CHICAGO -- Edwin Jackson's spot in the rotation could be in question after Wednesday's 8-3 loss to the Giants.
Jackson put up his shortest start of the season -- 61 pitches over 2 2/3 innings -- and allowed seven earned runs for the third time, manufactured on eight hits with two walks and two strikeouts against 18 batters.
When asked about a role shift for Jackson, whose season ERA ballooned to 5.74, manager Rick Renteria repeatedly said, "We're going to assess and evaluate and see where we go."
Of Jackson's 26 starts this season, seven have been quality. He has averaged 6.3 hits, 4.7 strikeouts and just over 5 1/3 innings per outing. He has allowed four runs or more in 12 starts, and his only scoreless outing was a win over the Brewers on May 17.
"No one wants to be moved, but if it happens, it happens," Jackson said about a potential shift to the bullpen. "The only thing you can do if you don't like it is go out and pitch your way out of jams. Like I said, you just have to relax and have fun and get back to having fun. And tonight was an example of absolutely not doing that.
"I haven't really gone out and made it an easy decision for the organization and for the team."
Jackson has discussed mechanical changes throughout the season, which Renteria said have cleaned up his delivery despite a continued lack of command.
Jackson has allowed 26 earned runs in 26 first innings this season -- the most of any frame, trailed closely by the 20 allowed in the second inning. He's also thrown nine wild pitches this season -- including one on Wednesday -- tied for sixth most in the Majors.
"It's command, because his velocities are still decent," Renteria said.
Jackson neither confirmed not denied when asked if he is 100 percent healthy, saying, only, "There are no excuses."
"At the end of the day, you have a job, and your job is to go deep into games," he said. "If you ask around the league, there's a lot of guys that are dealing with things, but no one is really making an excuse. I could have easily went out tonight and went six or seven innings, and the same questions wouldn't be asked."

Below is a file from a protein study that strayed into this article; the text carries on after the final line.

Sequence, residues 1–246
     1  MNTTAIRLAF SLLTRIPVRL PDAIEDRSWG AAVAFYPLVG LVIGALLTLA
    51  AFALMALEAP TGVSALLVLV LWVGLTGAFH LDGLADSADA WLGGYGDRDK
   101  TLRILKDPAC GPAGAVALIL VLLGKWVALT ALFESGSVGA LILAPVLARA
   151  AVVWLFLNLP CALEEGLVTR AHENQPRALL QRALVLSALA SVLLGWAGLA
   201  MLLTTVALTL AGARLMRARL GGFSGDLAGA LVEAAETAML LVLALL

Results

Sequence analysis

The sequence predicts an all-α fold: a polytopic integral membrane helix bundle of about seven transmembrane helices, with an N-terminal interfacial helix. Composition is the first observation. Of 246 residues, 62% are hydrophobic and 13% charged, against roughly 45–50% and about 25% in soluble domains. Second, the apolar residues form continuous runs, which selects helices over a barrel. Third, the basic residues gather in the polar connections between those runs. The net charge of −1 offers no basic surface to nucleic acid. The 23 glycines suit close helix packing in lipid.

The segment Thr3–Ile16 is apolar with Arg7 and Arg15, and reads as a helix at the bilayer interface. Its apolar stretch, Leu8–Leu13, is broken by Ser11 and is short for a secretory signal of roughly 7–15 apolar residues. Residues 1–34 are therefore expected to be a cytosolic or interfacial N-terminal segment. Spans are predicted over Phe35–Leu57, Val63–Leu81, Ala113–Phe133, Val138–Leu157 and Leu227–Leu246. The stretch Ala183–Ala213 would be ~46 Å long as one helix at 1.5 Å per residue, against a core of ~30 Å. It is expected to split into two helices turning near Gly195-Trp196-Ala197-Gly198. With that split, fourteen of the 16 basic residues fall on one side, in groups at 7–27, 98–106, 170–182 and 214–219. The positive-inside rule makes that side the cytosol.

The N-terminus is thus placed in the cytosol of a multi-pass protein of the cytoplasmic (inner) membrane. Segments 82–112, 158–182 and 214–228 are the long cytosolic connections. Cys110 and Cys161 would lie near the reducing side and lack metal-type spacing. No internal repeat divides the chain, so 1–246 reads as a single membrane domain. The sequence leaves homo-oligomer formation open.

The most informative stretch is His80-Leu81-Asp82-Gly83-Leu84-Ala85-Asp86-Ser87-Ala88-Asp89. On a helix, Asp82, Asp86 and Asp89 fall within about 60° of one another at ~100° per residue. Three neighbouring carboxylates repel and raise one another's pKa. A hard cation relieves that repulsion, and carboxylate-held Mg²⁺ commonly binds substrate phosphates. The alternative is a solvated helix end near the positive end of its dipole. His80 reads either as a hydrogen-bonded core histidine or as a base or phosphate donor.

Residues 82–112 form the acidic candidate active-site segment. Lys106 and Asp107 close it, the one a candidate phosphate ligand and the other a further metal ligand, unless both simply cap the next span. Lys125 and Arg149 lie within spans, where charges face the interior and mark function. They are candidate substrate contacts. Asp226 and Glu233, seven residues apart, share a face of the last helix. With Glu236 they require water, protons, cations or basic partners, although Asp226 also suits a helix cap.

The Cubs trimmed the deficit to two runs in the second, when Chris Valaika launched his first homer of the season, a two-run, two-out shot over the right-field wall with a full count. Luis Valbuena added a solo shot in the eighth to score the game's final run. Valbuena went 3-for-4 and finished a double shy of the cycle.
Three double plays in the first four innings curbed any offensive momentum for Chicago
"Obviously, double plays never are any team's friend unless you're on the defensive side," said Anthony Rizzo, crediting winning pitcher Jake Peavy for the many forced grounders. "But it's just one of those days that you've got to get the ball in the air, especially with the wind blowing out."
Jackson's early departure forced the bullpen to chew up the final 6 1/3 innings. Carlos Villanueva, Wesley Wright and Kyuji Fujikawa combined to allow just one earned run on six hits. with eight strikeouts and no walks.
"They ate up some innings, which was big, and allows us still to have some of our guys available for us tomorrow," Renteria said. "Obviously, it's a couple games, but we'll make some adjustments."
The Cubs will play essentially a game and a half on Thursday after Major League Baseball upheld the Giants' protest over Tuesday's rain-shortened game, citing mechanical malfunction. The teams will pick up in the bottom of the fifth inning at 4:05 p.m. CT and continue with the scheduled series finale at 7:05 p.m.
Daniel Kramer is an associate reporter for MLB.com. This story was not subject to the approval of Major League Baseball or its clubs.